Informer digs for Hollywood dirt but comes up empty.
Above is the cover of a National Informer published today in 1974, and unlike other issues, this one has an actual, real life, major celebrity inside—none other than Paul Newman. How did he end up inside a cheapie sex tabloid? Good question. Reading the story—which discusses his relations with female fans—you get the sense that the magazine managed to get itself admitted to a press junket interview session, at which a group of journalists together ask questions of a star. We've participated in ones with Ron Perlman, David Caruso, Renee Zellweger, and others. Group sessions with small and lesser known press outlets saves the stars and publicists time, and the promotional companies aren't terribly discriminating as long as the publication has the right credentials.
But even if you don't know how press junkets work, you'd notice that Informer's interview doesn't read like a one-on-one sit-down. It's a few basically innocuous answers from Newman. Informer journo Tex Harmon wants to tell readers that Newman is slinging dick all around Hollywood, but can't because he has only a few quotes with which to work. So he writes an article with a mildly sexual slant, calls it a day, and probably hits the local watering hole for whiskey shots. Newman does talk about his wife Joanne Woodward a bit, but respectfully. You can read the whole piece yourself below.
Elsewhere, Informer offers up its usual style of quasi-journalism, with the claim that illicit affairs can be good for marriages, a piece on a woman who was a sex slave of the mob, and a chat with a Dutch policewoman named Anita Hausmann who encountered a flasher in Amsterdam who was “letting it all hang out.” Hang isn't the word we'd use for him, but whatever. Informer also has its usual set of predictions from Mark Travis, and of course there are photos of pretty young models. We've gotten good at identifying them, but this issue is tricky. Andrea Rau is in panels six and seven, but the rest we're blanking on. Feel free to give us an assist if you have any answers.
Update: French actress and model Karin Petersen is in the last panels.
The courtship is dangerous, but the engagement is murder.
A Kiss Before Dying should perhaps be titled “A Xanax Before Dying,” because Robert Wagner and co-star Joanne Woodward both perform as if they've gotten into the medicine cabinet. They play a young couple that accidentally conceive. Wagner envisions his life's ambitions going up in a haze of diapering and 6 a.m. feedings, so he decides to get rid of the baby. Abortion is out of the question, of course, so he tries gently nudging Woodward down a set of bleachers at the local university. When her tumble fails to produce the desired miscarriage, Wagner decides to up his game with a pharmacological solution—and murder.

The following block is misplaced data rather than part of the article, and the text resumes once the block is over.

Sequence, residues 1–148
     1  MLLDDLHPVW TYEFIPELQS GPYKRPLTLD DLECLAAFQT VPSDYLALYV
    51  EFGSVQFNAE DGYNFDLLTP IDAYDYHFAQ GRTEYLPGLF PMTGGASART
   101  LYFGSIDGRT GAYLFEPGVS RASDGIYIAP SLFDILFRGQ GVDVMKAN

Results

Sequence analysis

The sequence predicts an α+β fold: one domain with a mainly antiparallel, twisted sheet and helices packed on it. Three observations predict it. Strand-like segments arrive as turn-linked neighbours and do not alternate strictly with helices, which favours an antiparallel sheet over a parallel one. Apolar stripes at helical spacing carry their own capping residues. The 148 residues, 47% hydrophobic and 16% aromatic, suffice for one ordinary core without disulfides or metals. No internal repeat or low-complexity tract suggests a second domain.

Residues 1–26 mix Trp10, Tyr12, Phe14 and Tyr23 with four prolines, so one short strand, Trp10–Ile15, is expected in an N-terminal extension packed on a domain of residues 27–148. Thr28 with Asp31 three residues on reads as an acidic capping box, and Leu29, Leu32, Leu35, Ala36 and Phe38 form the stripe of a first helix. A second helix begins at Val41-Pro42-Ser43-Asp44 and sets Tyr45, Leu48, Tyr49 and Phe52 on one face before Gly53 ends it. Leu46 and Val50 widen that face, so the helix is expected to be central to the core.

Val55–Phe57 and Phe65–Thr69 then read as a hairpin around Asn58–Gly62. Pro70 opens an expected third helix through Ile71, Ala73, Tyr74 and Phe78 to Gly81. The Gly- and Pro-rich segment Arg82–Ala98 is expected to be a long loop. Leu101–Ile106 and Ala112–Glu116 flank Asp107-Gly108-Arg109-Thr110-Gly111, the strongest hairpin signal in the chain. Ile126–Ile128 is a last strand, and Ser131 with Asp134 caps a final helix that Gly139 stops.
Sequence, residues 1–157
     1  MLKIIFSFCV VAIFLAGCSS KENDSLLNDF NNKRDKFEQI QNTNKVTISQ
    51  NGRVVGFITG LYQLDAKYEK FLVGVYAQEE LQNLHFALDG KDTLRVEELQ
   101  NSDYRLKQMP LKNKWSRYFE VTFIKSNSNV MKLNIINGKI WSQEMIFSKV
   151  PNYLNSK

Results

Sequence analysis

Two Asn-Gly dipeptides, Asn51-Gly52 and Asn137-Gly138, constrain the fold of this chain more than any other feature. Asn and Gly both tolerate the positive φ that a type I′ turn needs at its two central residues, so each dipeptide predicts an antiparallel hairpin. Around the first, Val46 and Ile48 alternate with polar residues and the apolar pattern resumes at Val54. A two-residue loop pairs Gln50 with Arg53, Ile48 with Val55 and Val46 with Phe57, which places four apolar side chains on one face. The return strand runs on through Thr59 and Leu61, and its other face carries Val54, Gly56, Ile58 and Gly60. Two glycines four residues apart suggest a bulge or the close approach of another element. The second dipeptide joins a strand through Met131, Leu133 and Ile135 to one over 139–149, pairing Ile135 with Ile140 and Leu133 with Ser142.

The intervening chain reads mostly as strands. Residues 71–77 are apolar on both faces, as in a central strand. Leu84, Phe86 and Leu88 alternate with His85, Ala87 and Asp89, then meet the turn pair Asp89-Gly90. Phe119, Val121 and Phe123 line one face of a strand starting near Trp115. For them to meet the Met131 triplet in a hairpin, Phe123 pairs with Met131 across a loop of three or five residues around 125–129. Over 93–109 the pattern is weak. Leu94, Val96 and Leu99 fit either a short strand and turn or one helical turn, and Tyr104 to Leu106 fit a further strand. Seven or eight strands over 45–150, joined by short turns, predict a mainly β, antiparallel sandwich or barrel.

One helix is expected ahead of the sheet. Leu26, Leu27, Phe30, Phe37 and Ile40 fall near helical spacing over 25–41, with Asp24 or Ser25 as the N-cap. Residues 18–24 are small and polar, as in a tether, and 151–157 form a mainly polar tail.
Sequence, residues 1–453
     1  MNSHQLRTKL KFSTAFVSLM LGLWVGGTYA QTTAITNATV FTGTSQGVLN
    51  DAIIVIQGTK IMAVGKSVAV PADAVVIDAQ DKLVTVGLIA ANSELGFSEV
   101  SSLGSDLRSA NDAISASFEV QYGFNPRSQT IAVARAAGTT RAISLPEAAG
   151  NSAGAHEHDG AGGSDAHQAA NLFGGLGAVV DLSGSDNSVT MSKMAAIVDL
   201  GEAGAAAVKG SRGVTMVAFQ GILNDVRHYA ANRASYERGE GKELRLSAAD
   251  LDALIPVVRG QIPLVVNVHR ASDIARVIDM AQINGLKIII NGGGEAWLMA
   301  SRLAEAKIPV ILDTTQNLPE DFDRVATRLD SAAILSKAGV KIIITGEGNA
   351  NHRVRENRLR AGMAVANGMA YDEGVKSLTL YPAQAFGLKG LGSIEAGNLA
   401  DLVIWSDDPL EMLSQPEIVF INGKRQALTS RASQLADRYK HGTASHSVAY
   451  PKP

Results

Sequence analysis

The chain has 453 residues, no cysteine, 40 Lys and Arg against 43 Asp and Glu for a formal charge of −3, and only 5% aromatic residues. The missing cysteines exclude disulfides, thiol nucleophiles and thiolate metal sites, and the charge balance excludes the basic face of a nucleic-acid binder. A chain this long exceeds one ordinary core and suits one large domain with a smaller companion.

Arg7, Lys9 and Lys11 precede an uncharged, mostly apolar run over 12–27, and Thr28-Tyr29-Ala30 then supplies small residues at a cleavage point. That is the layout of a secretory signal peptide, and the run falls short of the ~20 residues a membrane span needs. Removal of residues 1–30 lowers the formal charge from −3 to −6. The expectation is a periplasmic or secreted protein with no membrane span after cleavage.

Best exchange of dialogue, as Wagner parts one evening with an unsuspecting Woodward:
Wagner: “Good-bye, baby.”
The attraction in this film is Wagner, who's so smarmy and eely he might make you laugh out loud—at least until you realize how brutal he's prepared to be. Only in a vintage movie can a guy be so obviously evil yet have nobody take notice. A sign around his neck reading, “I think about nothing but homicide 24/7,” would have been ignored. But of course Woodward, while remaining studiously oblivious to her mortal peril, is harder to kill than expected.
Each year the Noir City organizers try to get audiences to take a fresh look at a few non-noir films, but their choices have occasionally been dubious. A Kiss Before Dying is a solidly but unspectacularly directed Deluxe Color production that lacks pretty much any noir iconography, but in terms of script and characterization it's a good fit for the festival. Plus Mary Astor plays Wagner's mom, and she's noir enough to satisfy us any day of the week. Put this in the flawed-but-interesting bin.
Newman and Poitier show Paris how to sizzle.
Remember last week we said you should watch the movie Paris Blues? We took our own advice. Above is a nice Rolf Goetze poster promoting the film's run in West Germany, which began today in 1961. The movie features a couple of jazz horn players portrayed by Paul Newman and Sidney Poitier who are having a grand time in Paris playing the clubs and escaping the political unrest in the U.S. Both meet American women, and both fall in love. Poitier's girlfriend Diahann Carroll is deeply concerned with civil rights and goes about convincing Poitier that he's running away from his responsibility to make America better. Pretty soon he feels heavily pressured to go back, even though it means giving up his wonderful life for hatred and turmoil.